An assortment of architecturally remarkable buildings sprawl throughout Melbourne’s urban jungle and enrich the lives of Melburnians. From the French Renaissance train station to the neoclassical state library and the Moorish Revival theatre, here are some of the most impressive buildings in Melbourne.
Since 1854 Melburnians have been boarding trains at the corner of Swanston and Flinders Street; however, the building as we know it today didn’t open until 1909. Featuring a green dome, arched entrance and clock tower, Flinders Street Station was the first Australian city railway station, and by 1926 it had become the busiest passenger train station in the world.
Established in 1854, the State Library Victoria spreads across two acres and features seven reading rooms in which you can enjoy any of their more than 2 million titles. Two of the library’s most significant architectural aspects are La Trobe Reading Room and the Architectural Fragment, a sculpture just outside the library. Australia’s oldest public library is also home to numerous historical documents and artefacts, including the diaries of Melbourne founders John Batman and John Pascoe Fawkner, as well as the original armour worn by Victorian bushranger Ned Kelly.
The GPO Building was designed in 1859 by A.E. Johnson, and was once the heart of Melbourne’s postal service. Architecturally, the building blends classical design with French Second Empire influences and features Doric, Ionic, and Corinthian columns, as well as a clock tower. Today, the building is home to retailers and restaurants.
Veterans and architects Phillip Hudson and James Wardrop designed the Shrine of Remembrance to honour Victorians who served in WWI. Additional memorials have since been added to the site to recognise veterans of subsequent wars. The Shrine holds more than 800 objects, photos, and uniforms dating from the 1850s to the present day, and commemorative events are held here on Anzac Day and Remembrance Day.
Preserved under The Glass Cone, Coop’s Shot Tower stands as something of a 50-meter time capsule, having been preserved and saved from demolition in 1973. The tower now sits amidst the retail hub that is Melbourne Central. Built in 1889, the tower has 327 steps leading to the top. It produced six tonnes of lead shot each week until 1961. Nowadays, there is a museum located on the second floor of the tower.
Designed by architect Joseph Reed, the Royal Exhibition Building was built to host the Melbourne International Exhibition in 1880. Neighbouring the Melbourne Museum in Carlton Gardens, this World Heritage Site held the opening of the first Commonwealth Parliament of Australia and was used as a venue for the 1956 Olympics. In 1980, Princess Alexandra granted the building its royal title, and today the space holds events, exhibitions and school exams.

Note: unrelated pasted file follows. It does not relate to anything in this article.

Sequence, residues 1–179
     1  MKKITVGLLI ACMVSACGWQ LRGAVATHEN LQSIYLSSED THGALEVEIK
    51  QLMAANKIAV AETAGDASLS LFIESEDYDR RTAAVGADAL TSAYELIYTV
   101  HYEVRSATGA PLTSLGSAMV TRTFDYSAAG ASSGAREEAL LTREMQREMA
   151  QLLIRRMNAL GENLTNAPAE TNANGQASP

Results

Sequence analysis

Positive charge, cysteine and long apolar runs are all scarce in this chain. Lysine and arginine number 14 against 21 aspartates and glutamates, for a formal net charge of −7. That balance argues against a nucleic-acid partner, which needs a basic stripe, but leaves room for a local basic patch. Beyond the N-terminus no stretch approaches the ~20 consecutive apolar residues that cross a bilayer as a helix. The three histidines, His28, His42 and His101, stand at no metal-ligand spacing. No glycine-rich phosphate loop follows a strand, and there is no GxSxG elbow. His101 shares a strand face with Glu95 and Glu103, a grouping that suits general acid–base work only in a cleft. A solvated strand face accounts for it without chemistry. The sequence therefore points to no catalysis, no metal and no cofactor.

Standing at 297.3 meters, Eureka Tower is the tallest building in Melbourne and the second highest in Australia. In fact, when it first opened in October 2006, it was the tallest residential building in the world. Named after the Eureka Stockade rebellion of 1854, the modern building houses 556 apartments across 84 floors. For panoramic views of Melbourne, sightseers can visit Eureka Skydeck on the 88th floor.
Inspired by Chicago’s Tribune Tower, Marcus Barlow designed the neo-Gothic Manchester Unity Building, which served as the headquarters for the Manchester Unity Independent Order of Odd Fellows. Built in 1932 during the Great Depression, the builders completed one of each of the 12 total floors every seven to 10 days. The building was the first in Melbourne to feature escalators and air conditioning.
Designed by 19-year-old architect JJ Clark in 1857, the Old Treasury Building once held the fortunes acquired during the Victorian Gold Rush. Fashioned from bluestone and sandstone, the three-storey building is a primary example of Australian Renaissance Revival architecture. The building originally served as the home of the Treasury Department, but is now a museum with a number of permanent and rotating exhibitions.
With a permanent collection of more than 73,000 works of art housed at two sites, the National Gallery of Victoria is the oldest and most visited art gallery in Australia. Established in 1861, the gallery’s permanent collection features masters including Cézanne, Picasso, and Rembrandt, as well as celebrated Australian pieces, such as Tom Roberts’ Shearing the Rams. NGV also features the largest stained glass ceiling in the world, which measures 51 meters long and 15 meters wide.
One of the most controversial buildings in the city, Melburnians love to hate Federation Square. Completed in 2002, the complex was designed by Lab + Bates Smart and incorporates deconstructivist design with a modern minimalist style. Federation Square includes three public spaces, a variety of restaurants, the Australian Centre for the Moving Image (ACMI), the Ian Potter Centre, and the SBS Television and Radio Headquarters.
Formerly known as the State Theatre, this venue was the largest cinema in Australia when it opened in 1929 and had a seating capacity of 3,371 people. John Eberson designed the space as an atmospheric theatre with a Moorish Revival exterior and an interior ceiling that gives patrons the illusion of sitting under the Mediterranean night sky. These days, the Forum Theatre is used for concerts and events, including the Melbourne International Film Festival.
Designed by architect Roy Grounds, the Arts Centre Melbourne comprises Hamer Hall, the State Theatre, the Playhouse, Fairfax Studio and several gallery spaces. The building officially opened in 1984 and features metal webbing and a signature spire that stretches 162 meters and is illuminated nightly.